The Rapture by Liz Jensen is a novel pervaded by the theme of apocalypse. It is one of a growing number of novels to emerge in recent years concerned with climate change and environmental decline, demonstrating how such anxieties have become a pervasive concern in modern society. These novels, including examples such as David Brin’s Earth, Claire Vaye Watkins’ Gold Fame Citrus, and Margaret Atwood’s MaddAddam trilogy, often centre around apocalyptic events, using pre- and post-apocalyptic landscapes to consider the causes and consequences of environmental change. Within The Rapture, these concerns are presented alongside themes of sexuality, disability, and religion, creating a rich network of ideas that attempts to explore how social and environmental issues are interconnected.
The landscape of The Rapture, set in England in a not-so-distant future, is one in which, the effects of climate change and humanity’s attempts to cope with these changes has truly become ‘part of the landscape’ (TR, p.76). Beginning in medias res, the novel paints a vivid picture of a world under attack from ‘Maverick weather’:
That summer, the summer all the rules began to change, June seemed to last for a thousand years. The temperatures were merciless: thirty-eight, thirty-nine, then forty in the shade. It was heat to die in, to go nuts in, or to spawn. Old folk collapsed, dogs were cooked alive in cars, lovers couldn’t keep their hands off each other. The sky pressed down like a furnace lid, shrinking the subsoil, cracking concrete, killing shrubs from the roots up. In the parched suburbs, ice-cream vans plinked their baby tunes into streets that sweated tar. Down at the harbour, the sea reflected the sun in tiny, barbaric mirrors. Asphyxiated, you longed for rain. It didn’t come (TR, p.3).
In this claustrophobic opening passage, Jensen begins to create the narrative tension that will run throughout the novel. The repetitive use of short sentences, lists, and the preference of commas over connectives creates a stifled tone, which reflects the suffocating weather. The sky is given agency and becomes a violent force, the consonance of the hard k in ‘shrinking’, ‘cracking concrete’, and ‘killing’ adding a hardness to its actions. This violence is continued on the next page as the rain finally breaks and the ‘poltergeist winds’ continue their destruction: ‘clouds erupted’, ‘lightning electrocuted the water’, ‘passionate gusts punched at the sails of struggling boats’, ‘flattening’, ‘uprooting’, ‘smashing’ (TR, p.4). It is a vision of environmental upheaval that not only establishes the scene for the environmental disasters that follow, but also sets the tone for the psychological journey of the narrator.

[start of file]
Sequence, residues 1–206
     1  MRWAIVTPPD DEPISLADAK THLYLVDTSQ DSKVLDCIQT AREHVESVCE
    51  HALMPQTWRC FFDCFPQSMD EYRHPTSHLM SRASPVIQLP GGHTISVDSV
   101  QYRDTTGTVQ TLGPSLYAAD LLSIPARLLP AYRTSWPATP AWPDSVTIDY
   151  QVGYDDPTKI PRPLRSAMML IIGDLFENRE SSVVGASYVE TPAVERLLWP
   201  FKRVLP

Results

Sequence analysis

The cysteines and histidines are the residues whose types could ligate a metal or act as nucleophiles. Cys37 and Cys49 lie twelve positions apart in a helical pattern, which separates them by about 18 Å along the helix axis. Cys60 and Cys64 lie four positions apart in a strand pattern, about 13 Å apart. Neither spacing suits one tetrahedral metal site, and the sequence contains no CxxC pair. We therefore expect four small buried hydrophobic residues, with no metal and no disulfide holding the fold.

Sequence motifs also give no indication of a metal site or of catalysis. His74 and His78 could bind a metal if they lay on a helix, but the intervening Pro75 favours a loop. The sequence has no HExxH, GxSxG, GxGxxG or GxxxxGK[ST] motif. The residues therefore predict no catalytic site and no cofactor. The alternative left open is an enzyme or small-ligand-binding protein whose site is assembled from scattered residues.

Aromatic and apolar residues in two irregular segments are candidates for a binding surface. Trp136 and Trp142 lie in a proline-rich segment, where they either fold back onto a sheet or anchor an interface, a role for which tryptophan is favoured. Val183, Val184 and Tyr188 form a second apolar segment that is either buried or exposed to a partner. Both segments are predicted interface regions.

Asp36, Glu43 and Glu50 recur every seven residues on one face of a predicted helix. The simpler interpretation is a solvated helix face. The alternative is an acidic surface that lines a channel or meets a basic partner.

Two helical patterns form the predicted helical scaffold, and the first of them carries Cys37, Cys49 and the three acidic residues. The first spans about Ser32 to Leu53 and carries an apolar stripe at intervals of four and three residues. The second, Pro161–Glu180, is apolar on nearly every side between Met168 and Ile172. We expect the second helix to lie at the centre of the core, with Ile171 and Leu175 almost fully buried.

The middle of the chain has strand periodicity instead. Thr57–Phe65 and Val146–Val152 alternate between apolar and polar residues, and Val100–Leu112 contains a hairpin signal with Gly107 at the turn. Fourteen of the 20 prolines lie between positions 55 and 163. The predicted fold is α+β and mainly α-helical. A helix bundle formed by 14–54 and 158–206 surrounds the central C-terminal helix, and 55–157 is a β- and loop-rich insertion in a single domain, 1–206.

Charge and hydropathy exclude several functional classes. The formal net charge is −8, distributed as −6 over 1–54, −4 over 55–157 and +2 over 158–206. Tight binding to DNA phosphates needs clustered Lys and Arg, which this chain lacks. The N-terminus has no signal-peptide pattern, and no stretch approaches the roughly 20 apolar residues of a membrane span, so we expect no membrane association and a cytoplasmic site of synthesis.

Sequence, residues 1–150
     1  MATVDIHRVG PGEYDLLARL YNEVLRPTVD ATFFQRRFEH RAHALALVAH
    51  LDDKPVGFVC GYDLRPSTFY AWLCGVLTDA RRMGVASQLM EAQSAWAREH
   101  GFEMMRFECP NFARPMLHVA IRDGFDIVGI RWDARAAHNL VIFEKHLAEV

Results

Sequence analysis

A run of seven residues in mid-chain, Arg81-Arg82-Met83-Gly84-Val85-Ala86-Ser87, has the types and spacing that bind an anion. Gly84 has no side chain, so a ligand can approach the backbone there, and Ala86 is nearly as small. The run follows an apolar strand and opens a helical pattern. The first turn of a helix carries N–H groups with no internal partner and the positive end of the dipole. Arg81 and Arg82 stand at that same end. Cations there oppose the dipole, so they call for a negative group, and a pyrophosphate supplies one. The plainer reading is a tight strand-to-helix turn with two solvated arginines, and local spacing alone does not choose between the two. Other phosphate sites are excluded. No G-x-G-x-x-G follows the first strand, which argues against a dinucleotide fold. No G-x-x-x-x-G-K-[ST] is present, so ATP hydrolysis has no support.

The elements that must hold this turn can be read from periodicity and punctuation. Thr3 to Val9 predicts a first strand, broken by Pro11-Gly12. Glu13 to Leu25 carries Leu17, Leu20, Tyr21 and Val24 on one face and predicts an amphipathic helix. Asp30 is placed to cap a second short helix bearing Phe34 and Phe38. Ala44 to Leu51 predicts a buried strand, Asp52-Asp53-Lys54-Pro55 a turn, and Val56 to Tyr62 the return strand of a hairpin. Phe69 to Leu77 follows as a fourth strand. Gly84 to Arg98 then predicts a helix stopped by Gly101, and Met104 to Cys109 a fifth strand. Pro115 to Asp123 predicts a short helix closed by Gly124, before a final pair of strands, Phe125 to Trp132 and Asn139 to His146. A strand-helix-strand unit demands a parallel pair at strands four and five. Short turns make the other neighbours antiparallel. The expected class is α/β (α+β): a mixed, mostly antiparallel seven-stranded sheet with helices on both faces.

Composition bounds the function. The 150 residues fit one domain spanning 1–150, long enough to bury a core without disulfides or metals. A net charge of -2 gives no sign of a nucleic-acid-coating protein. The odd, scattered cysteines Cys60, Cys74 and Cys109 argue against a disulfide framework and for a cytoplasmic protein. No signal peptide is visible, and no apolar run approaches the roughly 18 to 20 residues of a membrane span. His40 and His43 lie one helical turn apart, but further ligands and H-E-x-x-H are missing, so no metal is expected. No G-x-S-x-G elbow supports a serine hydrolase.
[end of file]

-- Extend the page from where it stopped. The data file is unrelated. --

Following the build-up to a devastating natural disaster, the narrative tells the story of Gabrielle Fox, a psychologist recovering from a brutal car accident that caused the death of her lover and unborn child as well as paralysing her from the waist down. In a wheelchair, Gabrielle takes up a new job at Oxsmith, a secure psychiatric hospital for minors, and is assigned the case of Bethany Krall, a violent and confrontational sixteen-year-old girl who was committed after stabbing her mother through the eye with a screwdriver. Bethany, who is receiving electric shock therapy, defies all attempts at therapy and instead claims to have prophetic powers of perception, making several predictions about impending natural disasters. Gabrielle initially dismisses these claims, attributing them to Bethany’s disturbed psychological state. However, as Bethany’s predictions repeatedly prove true Gabrielle is gradually forced to accept the truth and to consider the responsibility this knowledge engenders. When Bethany foresees a disaster of unparalleled destruction Gabrielle becomes involved in a desperate and dangerous effort to warn the world before it is too late.
Although the efficacy with which Jensen handles the climate change topic has received mixed reviews, her approach is notable for its self-reflexive commentary on the use of apocalyptic rhetoric within the environmental arena. Writing Bethany as a character that has been immersed in a strong biblical upcoming that she later rejects, Liz Jensen makes widespread use of the biblical narrative of apocalypse, using it to explore contemporary attitudes towards environmental disaster. Within this frame, apocalypse becomes a form of retribution and revelation, used to explore environmental anxiety, responsibility and guilt. While Bethany takes on the role of religious prophet, the environmental cataclysm that takes places at the end of the novel mocks the religious narrative by having the survivors lifted to safety by a helicopter. The novel also considers how perspective shapes the way in which we understand and react to the challenge of climate change. Debates around the existence and the urgency of the climate change emergency drive the plot of the novel. Bethany’s visions of environmental cataclysm are dismissed not only due to her questionable mental state but also because these ‘visions [are] already shared by half the population, along with a belief in miracles and tarot reading’ (TR, p.25). The belief in environmental apocalypse is therefore aligned with mysticism, discrediting it as a serious belief or prediction. Although no one can deny the worrying changes in the weather, the idea of one world-changing disaster is rejected as fearful imagination.
Overall the novel is a satisfying read with some interesting character development. Despite its clichés, I enjoyed the plot, and Jensen makes efforts to include well-researched and detailed information about the relevant science. However, I would have liked more development around the character of Gabrielle, whose character arc feels incomplete and whose struggle to come to terms with her altered physicality feeds into a wider preoccupation with the material body prevalent in recent climate change science fiction.